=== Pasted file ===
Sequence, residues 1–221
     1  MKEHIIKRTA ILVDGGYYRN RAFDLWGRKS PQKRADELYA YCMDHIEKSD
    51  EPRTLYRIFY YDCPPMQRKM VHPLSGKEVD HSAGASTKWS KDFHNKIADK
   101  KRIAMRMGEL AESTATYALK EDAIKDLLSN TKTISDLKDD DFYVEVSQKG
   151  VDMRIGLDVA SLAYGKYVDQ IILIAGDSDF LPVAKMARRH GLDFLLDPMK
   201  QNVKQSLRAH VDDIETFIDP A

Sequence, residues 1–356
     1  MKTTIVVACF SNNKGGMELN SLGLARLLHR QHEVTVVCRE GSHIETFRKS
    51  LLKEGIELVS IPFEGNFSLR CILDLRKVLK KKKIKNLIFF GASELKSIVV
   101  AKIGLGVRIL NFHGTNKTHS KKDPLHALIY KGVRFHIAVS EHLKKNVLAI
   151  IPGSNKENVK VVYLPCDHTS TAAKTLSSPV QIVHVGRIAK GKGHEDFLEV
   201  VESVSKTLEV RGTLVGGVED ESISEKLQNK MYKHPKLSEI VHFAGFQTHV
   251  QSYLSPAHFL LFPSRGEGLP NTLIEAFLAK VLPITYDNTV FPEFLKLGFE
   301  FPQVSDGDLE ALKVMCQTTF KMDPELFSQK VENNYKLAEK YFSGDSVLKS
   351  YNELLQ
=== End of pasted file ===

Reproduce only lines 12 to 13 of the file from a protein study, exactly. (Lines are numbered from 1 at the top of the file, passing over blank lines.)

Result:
   201  VESVSKTLEV RGTLVGGVED ESISEKLQNK MYKHPKLSEI VHFAGFQTHV
   251  QSYLSPAHFL LFPSRGEGLP NTLIEAFLAK VLPITYDNTV FPEFLKLGFE